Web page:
Why? Understand why you want this and remember your ‘why’ is unique to you. Is it setting you up for what you really want or is it what you have been told you should do, could be good at or what is typically the next step? Aligning your purpose with what you do is critical to building long-term momentum and impact.

Define the key actions: What decisions can I make today to help me move closer towards my goal or to clear the path so that it isn’t so difficult to move down in the future? Is it about delivering on the current opportunity; growing the capability and potential of your team; or investing in new learning or networks to educate you on your market, challenge thinking or heighten awareness of what is possible?

Who can help me get there? Identify and build your circle of influence. Conduct an audit on your network – have I got the right people to support me with where I want to go. Do I have a good mix between internal champions and external networks? Identify who you should be engaging with and what the mutual exchange of value would be and then make it a priority to engage.

Identify the critical milestones and timelines: All significant decisions need key measures and timelines to build momentum, energy and enthusiasm. It helps us not only stay the course but test the decision itself and overcome roadblocks along the way. Find an accountability partner who you can share your goals and ambitions with to further support your aspirations.

Failing to make a decision is still a decision. AND it is one that is almost guaranteed to hurt us if not in the short term then most definitely in the long term. Why not use this time of the year to stop and reflect on how your decisions have effected where you are today and what you can stop, start and continue to do in 2018 to grow your personal and leadership success.

As always I would love to hear your thoughts.

Margot

 

Keeping It Real: Why Authenticity Is The Key

February 21st, 2017

Given that we spend up to 70% of our waking time engaged in work related activities – week after week and year after year – it makes sense that we strive to seek out environments that allow us to show up and put our best foot forward. By that I mean really show up … as ’us’ and in our true colours.

Ask anyone about their experience in a great workplace, they will invariably describe an environment where leaders and colleagues had a knack for ‘keeping it real’. They refer to and describe real conversations and real connection and as a result talk about being trusted to just get on with things and deliver in a way that allowed them to apply the very best of their knowledge and skills.

If you were to ask managers and leaders about what great work environments look like, they will talk about times where they and their teams were delivering to key objectives and achieving success; their team members worked strongly together and where each individual gave it their all.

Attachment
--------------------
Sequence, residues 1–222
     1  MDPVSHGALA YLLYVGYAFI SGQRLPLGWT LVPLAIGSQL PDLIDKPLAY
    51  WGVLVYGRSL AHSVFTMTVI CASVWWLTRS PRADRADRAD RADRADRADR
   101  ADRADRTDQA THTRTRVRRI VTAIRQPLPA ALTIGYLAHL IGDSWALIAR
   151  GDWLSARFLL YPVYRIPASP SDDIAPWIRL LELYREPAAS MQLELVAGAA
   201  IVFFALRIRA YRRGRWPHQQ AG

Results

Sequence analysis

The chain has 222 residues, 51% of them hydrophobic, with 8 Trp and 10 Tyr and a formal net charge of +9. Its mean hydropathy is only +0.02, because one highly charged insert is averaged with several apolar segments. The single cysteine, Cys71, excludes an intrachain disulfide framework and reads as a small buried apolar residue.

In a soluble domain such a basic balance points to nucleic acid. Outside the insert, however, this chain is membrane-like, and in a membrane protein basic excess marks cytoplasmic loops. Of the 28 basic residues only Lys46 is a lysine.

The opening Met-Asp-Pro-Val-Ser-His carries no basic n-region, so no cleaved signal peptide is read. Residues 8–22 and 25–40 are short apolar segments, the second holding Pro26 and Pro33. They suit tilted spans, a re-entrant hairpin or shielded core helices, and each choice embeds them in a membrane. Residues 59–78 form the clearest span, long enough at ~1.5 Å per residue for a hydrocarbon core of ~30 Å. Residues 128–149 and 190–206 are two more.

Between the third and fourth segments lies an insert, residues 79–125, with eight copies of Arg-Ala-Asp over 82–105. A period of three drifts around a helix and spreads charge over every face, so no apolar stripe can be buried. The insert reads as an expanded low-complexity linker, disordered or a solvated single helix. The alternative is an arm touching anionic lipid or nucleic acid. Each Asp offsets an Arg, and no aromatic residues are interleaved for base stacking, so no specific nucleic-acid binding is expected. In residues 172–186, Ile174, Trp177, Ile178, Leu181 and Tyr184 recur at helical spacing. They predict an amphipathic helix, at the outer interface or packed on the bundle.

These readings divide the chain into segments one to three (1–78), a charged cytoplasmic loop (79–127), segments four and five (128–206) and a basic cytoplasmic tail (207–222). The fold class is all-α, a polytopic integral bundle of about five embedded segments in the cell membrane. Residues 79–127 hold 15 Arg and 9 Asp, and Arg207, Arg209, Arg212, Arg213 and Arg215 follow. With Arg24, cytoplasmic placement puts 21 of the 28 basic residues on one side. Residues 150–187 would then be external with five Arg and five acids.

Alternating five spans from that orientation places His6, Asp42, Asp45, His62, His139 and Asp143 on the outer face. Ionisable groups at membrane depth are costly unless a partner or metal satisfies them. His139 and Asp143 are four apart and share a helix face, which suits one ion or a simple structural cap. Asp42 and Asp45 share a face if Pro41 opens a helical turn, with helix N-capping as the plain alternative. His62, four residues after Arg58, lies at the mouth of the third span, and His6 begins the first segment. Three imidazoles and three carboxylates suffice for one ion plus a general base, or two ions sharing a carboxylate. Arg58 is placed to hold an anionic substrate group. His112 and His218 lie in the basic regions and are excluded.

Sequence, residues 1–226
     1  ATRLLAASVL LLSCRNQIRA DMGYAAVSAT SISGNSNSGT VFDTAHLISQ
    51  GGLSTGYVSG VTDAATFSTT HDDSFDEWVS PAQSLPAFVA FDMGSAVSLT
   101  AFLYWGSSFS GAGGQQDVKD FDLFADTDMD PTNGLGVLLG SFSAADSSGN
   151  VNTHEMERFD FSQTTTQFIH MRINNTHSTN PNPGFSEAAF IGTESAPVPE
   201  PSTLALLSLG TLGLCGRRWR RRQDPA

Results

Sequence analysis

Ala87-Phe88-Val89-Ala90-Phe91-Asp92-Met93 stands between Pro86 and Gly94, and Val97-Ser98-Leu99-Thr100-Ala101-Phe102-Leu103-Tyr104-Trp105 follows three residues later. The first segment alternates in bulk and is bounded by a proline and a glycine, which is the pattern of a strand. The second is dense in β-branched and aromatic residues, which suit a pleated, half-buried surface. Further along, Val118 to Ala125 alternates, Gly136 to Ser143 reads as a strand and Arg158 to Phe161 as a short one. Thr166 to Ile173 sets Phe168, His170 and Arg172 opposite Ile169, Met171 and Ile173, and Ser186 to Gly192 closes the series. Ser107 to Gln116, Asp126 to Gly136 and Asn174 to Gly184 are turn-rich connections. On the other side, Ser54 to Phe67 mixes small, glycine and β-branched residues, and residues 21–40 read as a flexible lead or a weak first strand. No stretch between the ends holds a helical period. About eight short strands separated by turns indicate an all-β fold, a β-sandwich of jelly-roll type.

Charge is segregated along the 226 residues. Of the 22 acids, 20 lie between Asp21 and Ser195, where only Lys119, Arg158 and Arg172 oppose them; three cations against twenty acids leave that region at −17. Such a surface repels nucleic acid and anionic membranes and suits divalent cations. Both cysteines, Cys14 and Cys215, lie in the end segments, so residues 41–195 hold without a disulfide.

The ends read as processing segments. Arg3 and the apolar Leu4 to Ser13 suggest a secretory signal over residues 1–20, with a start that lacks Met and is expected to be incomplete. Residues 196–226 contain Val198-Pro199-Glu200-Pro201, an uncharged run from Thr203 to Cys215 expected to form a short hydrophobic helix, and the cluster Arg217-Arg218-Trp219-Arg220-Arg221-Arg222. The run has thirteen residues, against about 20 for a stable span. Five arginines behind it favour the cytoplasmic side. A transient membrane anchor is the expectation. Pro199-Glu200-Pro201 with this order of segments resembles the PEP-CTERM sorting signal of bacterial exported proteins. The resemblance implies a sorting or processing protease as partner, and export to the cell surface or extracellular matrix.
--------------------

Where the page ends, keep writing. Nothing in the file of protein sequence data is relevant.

This doesn’t for one minute imply that everything is or was always rosy or that they had the perfect systems and processes; or the most ideal customers or clients. Invariably many of these things are not obvious or in place. What it does imply though is that people were allowed to be themselves, navigate the landscape in a way that allowed them to apply new approaches, solutions and strategies; fail if necessary and get up dust themselves off and go again; contribute from their place of strength; work collaboratively and enjoy success. It allowed them to quite simply be themselves.

We have all been caught in cycles where we are simply going through the motions. Occasions such as where we attend training simply because we should; attend sales meetings or networking events where conversations are held but no connection is formed; undertaken performance reviews that never address future career growth or opportunities and really are nothing more than a tick and flick exercise to satisfy a compliance measure. In many of these scenarios we show up in body but not spirit. And for that, businesses and individuals are all poorer for it.

So what is it about some workplaces that allow or in fact demand the ‘real you’ to show up, engage and operate? Allow your team to really banter, disagree, strategize, fail and succeed?

In a word it is Freedom: Freedom to think; freedom to do and freedom to speak.

Whilst it is important to note that with freedom comes responsibility, it is also worth noting that 99% of people when they see it in genuine action would rather rise to the standard than fall underneath it.